11. All really based on individual balancing rather than arguing against the purpose for why CON exists or the benefits it inherently provides. Whether females are treated unfairly is besides the point (and often times untrue in the first place, because it counterbalances other statistics or is meant to -- IS didn't arbitrarily give units low CON without balancing other factors, with Florina being a good example). Most females are also statistically treated unfairly when it comes to STR or DEF as well (on average), but that isn't an inherit flaw with STR/DEF itself. And for the most part they're not. Units like Rebecca aren't bad because of her CON, but because her base SPD doesn't make up for it (only her growth does in the long term). Nino's higher SPD to make up for her CON is negated by her poor availability. Isadora vs. Marcus is a case of availability (where otherwise her SPD would counterbalance her CON really well). Florina vs. Heath may be a better example, but class doesn't matter in the context of the doubling mechanic and how weaponry effects that. Making low SPD units more viable is exactly what CON helps to accomplish, especially when tuned well (and don't get me wrong, CON/WT on each unit/weapon is not tuned perfectly, which is entirely what you're focusing on rather than the core of the mechanic). It helps them specialize in stronger weaponry without gutting their durability. The entire purpose of CON is exactly the same as flat weight except that it doesn't make slow units even slower (while also making weapon selection variable between each unit). You can argue as to whether you think females are treated unfairly, or Florina's CON is too low, or Heath's is too high, or X weapon is too heavy etc etc... And some of those may not necessarily be untrue (though still highly debatable since Florina is the better unit in the grand scheme of things)... but that's an entirely different debate. If you look at Awakening or Tellius, slower units are often bad because faster units can use literally any weapon they want and still double. Offensively, your faster units are much better as a result, and defensively your slower units get the short end of the stick because fast enemies with strong weapons will double them (keep in mind that CON affects enemies as well). CON was/is a rather elegant solution in making slower units comparatively viable by normalizing offense and durability (since AS affects both) by virtue of weapon selection. Fates had the next best solution by making some weapons impossible to double with (which only benefits slower units) but didn't have the nuance that CON could have with its design/balancing (not to say the execution was perfect in that regard). Fates was also still flawed in that "heavy" weapons (like steel weapons) punished slower units equally to faster ones. CON's objective on the other hand was to differentiate that (if ideally tuned). And CON isn't exactly perfect. A hard cap of -5 SPD would probably be fine. And lowering only AS (as opposed to avoid as well) might also work. Are there ways to improve it? Sure. But don't discredit the entire mechanic just because some units are affected more than others from it (which is often just part of their design). It's less of a punishment of faster units (since flat weight like FE3 or Echoes would affect them the same way more or less), but more of a boon to slower units (it doesn't crush their already low AS). However, slower units would still have the drawback of not being able to double with lighter weapons (meaning there's still obviously an advantage to having high SPD no matter what your CON is), making those more suited to faster units. Not when enemies are also weighed down a lot and Florina's SPD is so much higher than the average enemy where she'll still double most of them. And it's not a bad thing if she doesn't double all of them. Again, why is not doubling in some cases inherently bad design? Just because a unit doesn't double everything with a heavier weapon, doesn't make the system bad. Flat SPD penalities would do the exact same thing as well, just that the slower (but higher CON) units aren't screwed over by using the same weapon. Keep in mind that the difference here is that fast units being weighed down usually only effects their offense. While slow units being weighed down affects their durability. Now... you could argue "why not just buff the slower units" or even "why do slow units exist in the first place?" because A) It over-emphasises on how important SPD generally tends to be and B) It homogenises the design of each unit. Sure, you could just balance low AS units by giving ridiculous stats in other areas but that's a messy way of doing it. CON isn't necessarily the perfect solution at all, but it was a reasonably effective one, if not executed perfectly.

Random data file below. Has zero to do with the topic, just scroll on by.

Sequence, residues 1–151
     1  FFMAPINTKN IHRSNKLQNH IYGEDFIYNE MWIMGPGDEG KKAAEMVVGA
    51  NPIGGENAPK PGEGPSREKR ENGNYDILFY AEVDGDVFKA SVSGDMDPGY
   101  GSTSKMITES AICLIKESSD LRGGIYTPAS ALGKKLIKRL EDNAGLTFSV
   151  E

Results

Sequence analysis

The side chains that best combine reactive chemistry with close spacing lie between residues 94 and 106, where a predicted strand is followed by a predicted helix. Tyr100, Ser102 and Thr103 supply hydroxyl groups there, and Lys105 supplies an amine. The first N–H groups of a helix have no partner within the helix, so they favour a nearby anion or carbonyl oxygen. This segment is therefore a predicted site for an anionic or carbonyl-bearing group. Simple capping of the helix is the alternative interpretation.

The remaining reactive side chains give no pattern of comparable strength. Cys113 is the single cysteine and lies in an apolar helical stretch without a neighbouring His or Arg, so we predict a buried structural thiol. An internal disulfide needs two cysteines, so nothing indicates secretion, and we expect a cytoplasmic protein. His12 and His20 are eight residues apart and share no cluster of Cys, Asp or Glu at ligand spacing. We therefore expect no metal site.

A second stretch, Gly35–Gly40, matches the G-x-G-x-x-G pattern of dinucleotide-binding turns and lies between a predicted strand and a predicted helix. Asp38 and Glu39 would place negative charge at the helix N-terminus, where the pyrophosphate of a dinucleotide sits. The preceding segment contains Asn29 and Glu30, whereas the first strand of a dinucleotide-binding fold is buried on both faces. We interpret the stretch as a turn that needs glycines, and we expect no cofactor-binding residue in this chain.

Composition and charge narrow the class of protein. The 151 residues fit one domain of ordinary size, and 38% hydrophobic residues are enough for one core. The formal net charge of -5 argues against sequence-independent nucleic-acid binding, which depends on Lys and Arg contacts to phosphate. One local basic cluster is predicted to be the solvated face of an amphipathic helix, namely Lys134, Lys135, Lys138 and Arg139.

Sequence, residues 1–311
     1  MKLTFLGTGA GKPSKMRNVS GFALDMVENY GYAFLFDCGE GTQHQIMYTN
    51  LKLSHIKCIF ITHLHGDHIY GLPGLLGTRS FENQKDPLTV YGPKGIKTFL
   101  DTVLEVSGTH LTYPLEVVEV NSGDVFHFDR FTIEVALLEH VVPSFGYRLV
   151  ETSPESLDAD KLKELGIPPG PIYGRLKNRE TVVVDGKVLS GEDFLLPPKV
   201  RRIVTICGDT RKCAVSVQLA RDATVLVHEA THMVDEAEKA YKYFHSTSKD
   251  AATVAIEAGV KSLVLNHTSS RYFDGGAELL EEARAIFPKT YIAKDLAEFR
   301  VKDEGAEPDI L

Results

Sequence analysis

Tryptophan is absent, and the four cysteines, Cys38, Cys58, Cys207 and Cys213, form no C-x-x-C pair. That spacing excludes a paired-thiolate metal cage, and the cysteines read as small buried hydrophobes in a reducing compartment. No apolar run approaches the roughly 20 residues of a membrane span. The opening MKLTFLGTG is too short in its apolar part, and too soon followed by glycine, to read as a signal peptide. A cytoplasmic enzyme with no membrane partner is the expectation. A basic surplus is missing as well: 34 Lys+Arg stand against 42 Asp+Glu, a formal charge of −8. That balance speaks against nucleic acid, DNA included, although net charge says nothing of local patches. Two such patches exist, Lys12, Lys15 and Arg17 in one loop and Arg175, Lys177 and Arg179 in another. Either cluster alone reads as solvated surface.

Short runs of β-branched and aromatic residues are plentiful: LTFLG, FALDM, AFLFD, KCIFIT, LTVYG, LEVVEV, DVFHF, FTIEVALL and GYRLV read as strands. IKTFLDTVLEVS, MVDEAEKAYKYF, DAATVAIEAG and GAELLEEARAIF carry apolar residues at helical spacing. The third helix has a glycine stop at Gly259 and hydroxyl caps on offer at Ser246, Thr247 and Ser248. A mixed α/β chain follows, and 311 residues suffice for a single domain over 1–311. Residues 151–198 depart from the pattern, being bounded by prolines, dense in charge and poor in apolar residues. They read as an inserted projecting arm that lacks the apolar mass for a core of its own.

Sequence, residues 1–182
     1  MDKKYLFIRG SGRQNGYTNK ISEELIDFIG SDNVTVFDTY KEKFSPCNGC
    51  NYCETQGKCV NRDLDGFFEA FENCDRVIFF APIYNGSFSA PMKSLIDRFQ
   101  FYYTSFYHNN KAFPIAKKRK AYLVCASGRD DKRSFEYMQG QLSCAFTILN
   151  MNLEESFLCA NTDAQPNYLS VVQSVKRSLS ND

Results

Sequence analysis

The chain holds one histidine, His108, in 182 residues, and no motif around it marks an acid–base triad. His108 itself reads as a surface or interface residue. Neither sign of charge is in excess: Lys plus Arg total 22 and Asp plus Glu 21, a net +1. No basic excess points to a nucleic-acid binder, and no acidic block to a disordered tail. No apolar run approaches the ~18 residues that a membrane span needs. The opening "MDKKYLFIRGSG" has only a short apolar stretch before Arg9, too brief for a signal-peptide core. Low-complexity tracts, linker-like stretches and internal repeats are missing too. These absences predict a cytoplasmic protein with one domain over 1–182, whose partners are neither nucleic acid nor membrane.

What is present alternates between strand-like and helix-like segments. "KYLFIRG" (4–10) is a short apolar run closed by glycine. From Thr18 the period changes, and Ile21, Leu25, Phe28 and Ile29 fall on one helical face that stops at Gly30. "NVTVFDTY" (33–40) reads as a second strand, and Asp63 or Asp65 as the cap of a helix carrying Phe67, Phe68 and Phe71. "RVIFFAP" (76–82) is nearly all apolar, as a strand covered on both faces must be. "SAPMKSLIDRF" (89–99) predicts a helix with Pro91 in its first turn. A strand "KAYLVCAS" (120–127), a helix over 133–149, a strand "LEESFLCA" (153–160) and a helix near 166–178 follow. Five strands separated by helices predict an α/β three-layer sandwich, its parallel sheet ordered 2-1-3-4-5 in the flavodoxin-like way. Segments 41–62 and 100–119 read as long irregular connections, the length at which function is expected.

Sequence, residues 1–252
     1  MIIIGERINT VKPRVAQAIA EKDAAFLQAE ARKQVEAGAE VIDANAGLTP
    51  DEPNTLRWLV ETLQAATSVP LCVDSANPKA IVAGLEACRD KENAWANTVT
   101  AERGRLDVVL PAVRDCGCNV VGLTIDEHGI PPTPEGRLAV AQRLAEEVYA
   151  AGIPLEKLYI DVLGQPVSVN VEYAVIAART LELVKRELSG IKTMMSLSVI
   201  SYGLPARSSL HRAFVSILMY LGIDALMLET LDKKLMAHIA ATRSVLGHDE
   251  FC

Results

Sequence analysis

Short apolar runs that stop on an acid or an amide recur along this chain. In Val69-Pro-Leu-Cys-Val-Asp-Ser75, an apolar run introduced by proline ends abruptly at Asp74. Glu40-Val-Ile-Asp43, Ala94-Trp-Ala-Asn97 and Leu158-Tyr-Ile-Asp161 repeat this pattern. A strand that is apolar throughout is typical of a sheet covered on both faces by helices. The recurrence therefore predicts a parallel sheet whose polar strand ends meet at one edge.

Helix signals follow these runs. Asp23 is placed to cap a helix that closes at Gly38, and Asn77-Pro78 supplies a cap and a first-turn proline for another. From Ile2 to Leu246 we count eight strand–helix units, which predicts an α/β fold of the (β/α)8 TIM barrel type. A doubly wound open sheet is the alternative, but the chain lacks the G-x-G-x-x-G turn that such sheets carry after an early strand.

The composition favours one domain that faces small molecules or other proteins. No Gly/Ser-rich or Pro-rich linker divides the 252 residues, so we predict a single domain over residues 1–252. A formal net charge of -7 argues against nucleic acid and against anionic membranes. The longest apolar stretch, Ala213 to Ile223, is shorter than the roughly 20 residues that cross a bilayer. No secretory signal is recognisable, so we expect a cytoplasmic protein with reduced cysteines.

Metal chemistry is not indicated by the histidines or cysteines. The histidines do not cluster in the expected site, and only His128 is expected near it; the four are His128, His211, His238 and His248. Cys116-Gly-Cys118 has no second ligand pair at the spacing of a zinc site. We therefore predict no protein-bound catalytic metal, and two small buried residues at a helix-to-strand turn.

12. Low CON is worked around by having higher SPD as a counterbalance (when tuned appropriately). Or selectively targeting slower enemies. Or securing kills with the stronger weapon (is it really the end of the world if a unit doesn't double with a particular weapon or against certain enemies?) Honestly the whole idea that units need to double to be good/useful has always been questionable design when it comes to FE (it's removing additional nuance or decision making while making low SPD units generally worse off). And saying that a mechanic is assumed to be flawed because it helps balance low SPD units vs. high SPD units (which is entirely what CON does) isn't really true either. Low CON doesn't need to be "worked around". It's like arguing that lower movement units cannot "work around" their lower movement compared to cavalry or fliers (when preferably there would be enough draw backs to having higher movement... not usually the case in GBA FE but that's discussing balance). Low CON units generally have high SPD + growth (and high SPD growth widens the gap between low SPD units as the game goes on, regardless of weapon usage -- Florina's AS with a Steel Lance widens compared to Dorcas with a Steel Axe for example, since the penalties remain almost static but her base AS increases much faster). Focusing on the balancing (for very specific weaponry) is still missing the point of why the mechanic exists in the first place. Those weapons are tied to individual units however so they don't have anything to do with how certain weapons effect units in regards to balancing SPD. Durandal might as well have the description "lower SPD by 7" because it's specific to Eliwood. Doesn't really have anything to do with CON or why the mechanic is there (nerfing high SPD). Wait, what? In Mystery of the Emblem a Steel Axe had a flat SPD penalty of -9 or Javelin had -20. I am speaking in the context of the -4 AS penalty I mentioned (for steels, in the example I gave which is pretty reasonable for FE7) should flat penalties exist once more. Under that context, the example I gave with Florina and Dorcas holds true. Dorcas becomes worse and Florina becomes a lot better. All flat penalties do is benefit high SPD units (since they also affect enemies keep in mind), while CON actually manages to even out the power level between both types of units by making slower units innately better with stronger weapons (this helps slower units be good outside of over-tuning their other stats). Florina is still a much better unit than Dorcas despite their CON because the mechanic is rather well balanced as a whole, with Florina still benefiting from using steels to finish off enemies on player phase or occasionally doubling slower units especially later on. Low CON obviously doesn't "screw over a unit" at all. In fact, lower movement is a far worse trait if we go by most games. I also don't understand how stat caps have much relevance in terms of balance when, if they are reached, are fairly overkill especially when it comes to SPD in FE7 (and only ever apply strictly in the lategame). Base SPD + growth are pretty consistently in favour of low CON units which is the main factor. Because Vaida doesn't double with any weapon (for the most part) vs. much faster units who double with most weapons (does Florina really have a problem doubling a lot of enemies with a Javelin by the time Vaida joins? Not really).